Professional negligence may have occurred when an individual or organisation acting in a professional capacity has breached their duty of care towards a client, resulting in injury, damages or financial loss.
For a professional negligence claim to succeed, there are four key elements that must be proven;
- that the professional owed you a duty of care, which might have arisen because a contract exists between the two of you;
- this duty of care was breached by the actions of the professional e.g. through poor advice or incompetence;
- that the breach caused you a loss whether it be financially, in health etc;
- that any loss you incurred was a direct result of the professional’s breach.
In this article, the legal team at Wilson Browne explains how the four elements of professional negligence need to be proven in order to give you the best chance of winning your case.
What Does It Take to Prove Professional Negligence?
- Duty of Care
For a claim to be made, it’s important that a duty of care is established between the two parties involved in the dispute. Without this, there can be no claim of professional negligence.
A duty of care exists when the law recognises that one party has a responsibility towards another. In the case of professional negligence, you could have a signed contract or agreement of work showing that you employed an individual or organisation in a professional capacity, and they therefore had a duty of care towards you, their client.
- Breach of Duty of Care
The basis of a professional negligence claim is that a duty of care has been breached by the party in a position of responsibility.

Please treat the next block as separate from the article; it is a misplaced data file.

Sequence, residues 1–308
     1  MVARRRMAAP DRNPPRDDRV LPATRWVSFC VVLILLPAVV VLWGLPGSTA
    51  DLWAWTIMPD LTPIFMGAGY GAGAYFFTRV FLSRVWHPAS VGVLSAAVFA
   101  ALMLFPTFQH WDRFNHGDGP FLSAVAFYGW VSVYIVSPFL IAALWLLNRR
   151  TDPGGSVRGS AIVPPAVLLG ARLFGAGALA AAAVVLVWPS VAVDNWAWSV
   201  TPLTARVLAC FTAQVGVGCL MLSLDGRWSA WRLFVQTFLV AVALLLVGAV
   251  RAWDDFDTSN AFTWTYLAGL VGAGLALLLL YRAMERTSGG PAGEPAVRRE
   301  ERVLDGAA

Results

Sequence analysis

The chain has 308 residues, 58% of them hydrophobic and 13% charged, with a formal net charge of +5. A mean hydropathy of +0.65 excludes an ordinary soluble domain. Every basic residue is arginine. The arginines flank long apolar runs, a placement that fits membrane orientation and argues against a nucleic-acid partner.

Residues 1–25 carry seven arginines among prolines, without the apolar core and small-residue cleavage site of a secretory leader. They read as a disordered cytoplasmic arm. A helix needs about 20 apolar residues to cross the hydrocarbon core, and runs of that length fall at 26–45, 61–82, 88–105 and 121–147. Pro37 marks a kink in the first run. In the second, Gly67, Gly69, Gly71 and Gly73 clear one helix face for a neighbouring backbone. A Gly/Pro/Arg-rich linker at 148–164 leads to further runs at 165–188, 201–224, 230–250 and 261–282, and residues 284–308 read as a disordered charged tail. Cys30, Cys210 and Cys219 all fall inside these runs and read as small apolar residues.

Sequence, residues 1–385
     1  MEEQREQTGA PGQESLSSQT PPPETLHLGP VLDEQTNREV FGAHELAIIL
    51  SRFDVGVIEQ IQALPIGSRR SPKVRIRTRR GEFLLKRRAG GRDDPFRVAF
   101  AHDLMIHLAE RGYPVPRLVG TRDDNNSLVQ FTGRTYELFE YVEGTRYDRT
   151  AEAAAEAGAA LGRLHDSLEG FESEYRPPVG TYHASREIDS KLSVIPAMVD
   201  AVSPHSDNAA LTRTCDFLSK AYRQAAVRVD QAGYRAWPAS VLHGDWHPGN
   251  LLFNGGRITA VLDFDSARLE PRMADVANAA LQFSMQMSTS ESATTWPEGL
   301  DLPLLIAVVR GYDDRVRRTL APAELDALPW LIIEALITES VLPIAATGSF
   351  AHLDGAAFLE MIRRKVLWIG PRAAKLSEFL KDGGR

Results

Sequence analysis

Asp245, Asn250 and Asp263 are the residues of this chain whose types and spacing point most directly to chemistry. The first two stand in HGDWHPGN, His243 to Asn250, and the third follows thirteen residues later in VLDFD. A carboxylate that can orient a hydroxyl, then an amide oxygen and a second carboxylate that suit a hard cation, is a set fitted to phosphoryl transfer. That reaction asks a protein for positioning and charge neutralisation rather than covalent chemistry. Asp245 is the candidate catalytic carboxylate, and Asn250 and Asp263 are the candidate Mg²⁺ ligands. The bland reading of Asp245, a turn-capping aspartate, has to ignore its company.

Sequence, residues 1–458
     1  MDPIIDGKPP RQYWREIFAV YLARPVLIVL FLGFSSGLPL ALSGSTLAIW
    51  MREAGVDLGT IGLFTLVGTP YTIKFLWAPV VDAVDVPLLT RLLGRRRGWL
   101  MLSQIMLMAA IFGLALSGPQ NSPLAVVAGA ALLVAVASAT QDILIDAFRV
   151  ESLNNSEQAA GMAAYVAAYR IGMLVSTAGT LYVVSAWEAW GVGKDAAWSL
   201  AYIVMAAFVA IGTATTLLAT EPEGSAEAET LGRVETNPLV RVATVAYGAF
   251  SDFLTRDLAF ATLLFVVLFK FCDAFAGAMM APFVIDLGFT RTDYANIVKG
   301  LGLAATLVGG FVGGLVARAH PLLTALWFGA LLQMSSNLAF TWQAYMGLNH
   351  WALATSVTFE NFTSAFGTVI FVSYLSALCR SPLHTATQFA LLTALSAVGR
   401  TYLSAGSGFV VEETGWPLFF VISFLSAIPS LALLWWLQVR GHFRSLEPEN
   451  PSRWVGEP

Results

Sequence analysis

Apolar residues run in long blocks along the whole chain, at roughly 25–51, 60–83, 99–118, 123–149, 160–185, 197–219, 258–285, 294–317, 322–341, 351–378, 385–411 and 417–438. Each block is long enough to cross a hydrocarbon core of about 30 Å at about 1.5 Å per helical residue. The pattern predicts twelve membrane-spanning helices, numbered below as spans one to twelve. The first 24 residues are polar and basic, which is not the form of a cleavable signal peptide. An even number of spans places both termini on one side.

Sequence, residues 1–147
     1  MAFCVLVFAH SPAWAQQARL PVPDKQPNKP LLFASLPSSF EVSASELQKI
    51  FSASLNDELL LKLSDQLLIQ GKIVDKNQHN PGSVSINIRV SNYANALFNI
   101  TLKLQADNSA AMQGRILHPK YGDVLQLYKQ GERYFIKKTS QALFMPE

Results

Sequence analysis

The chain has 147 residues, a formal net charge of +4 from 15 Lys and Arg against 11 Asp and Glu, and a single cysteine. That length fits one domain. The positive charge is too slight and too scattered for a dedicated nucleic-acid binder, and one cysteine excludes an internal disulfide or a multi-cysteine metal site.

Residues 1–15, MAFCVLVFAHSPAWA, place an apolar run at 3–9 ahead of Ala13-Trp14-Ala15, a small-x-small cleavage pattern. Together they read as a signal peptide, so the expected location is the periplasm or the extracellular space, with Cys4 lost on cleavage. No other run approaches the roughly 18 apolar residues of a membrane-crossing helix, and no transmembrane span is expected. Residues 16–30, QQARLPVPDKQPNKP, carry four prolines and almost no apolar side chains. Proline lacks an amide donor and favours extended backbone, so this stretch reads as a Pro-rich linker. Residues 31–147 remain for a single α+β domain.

Duty of care can be breached in many different ways, and that depends on the work you employed a professional to carry out. Broadly, a breach of duty of care may occur when the professional has failed in their responsibilities towards you; such as giving ill advice, not following your instructions correctly, failing to correctly sell or buy property, or making errors in legal documents.
You may only pursue a claim of compensation for professional negligence if you can prove that you’ve suffered damages.
This could be injury, a financial loss, or disruption to your career, professional or family life. Without proving that some form of damage exists, there are no grounds on which to claim financial compensation.
Finally, it must be proven that any financial loss or damage sustained by you (the claimant) was the direct result of a professional breaching their duty of care towards you (their client).
To prove these four elements, your case will need to be supported by appropriate documentation, evidence and witnesses to give you the strongest possible chance of a positive outcome.
Time Limits – Are there any?
Professional negligence cases have legal time limits attached to them. Claims need to be made within 6 years of the date that the loss occurred, however in some exceptional circumstances, this timeframe can be extended. Due to the tight time limits, it is best to seek legal advice sooner rather than later. Incidents of professional negligence are difficult and often complicated cases to prove, so it’s important that you seek professional advice from skilled lawyers before pursuing a claim.